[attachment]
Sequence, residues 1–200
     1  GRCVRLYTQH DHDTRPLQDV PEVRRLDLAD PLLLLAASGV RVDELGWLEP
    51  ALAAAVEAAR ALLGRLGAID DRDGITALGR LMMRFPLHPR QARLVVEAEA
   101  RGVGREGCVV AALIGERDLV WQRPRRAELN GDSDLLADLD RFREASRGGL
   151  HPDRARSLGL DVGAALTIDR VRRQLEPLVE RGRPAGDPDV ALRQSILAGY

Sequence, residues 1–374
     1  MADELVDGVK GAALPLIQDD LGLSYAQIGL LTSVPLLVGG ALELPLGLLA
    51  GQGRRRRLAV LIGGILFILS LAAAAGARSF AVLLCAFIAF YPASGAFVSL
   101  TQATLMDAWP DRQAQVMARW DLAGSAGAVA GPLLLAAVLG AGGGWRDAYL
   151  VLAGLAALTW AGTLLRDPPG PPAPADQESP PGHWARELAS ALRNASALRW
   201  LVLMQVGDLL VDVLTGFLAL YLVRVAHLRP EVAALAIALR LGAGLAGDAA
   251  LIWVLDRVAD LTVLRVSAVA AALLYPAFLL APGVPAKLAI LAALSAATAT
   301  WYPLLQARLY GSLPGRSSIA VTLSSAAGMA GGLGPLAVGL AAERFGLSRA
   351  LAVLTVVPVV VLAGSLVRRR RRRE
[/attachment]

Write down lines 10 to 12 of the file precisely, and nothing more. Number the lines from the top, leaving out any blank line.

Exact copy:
   151  VLAGLAALTW AGTLLRDPPG PPAPADQESP PGHWARELAS ALRNASALRW
   201  LVLMQVGDLL VDVLTGFLAL YLVRVAHLRP EVAALAIALR LGAGLAGDAA
   251  LIWVLDRVAD LTVLRVSAVA AALLYPAFLL APGVPAKLAI LAALSAATAT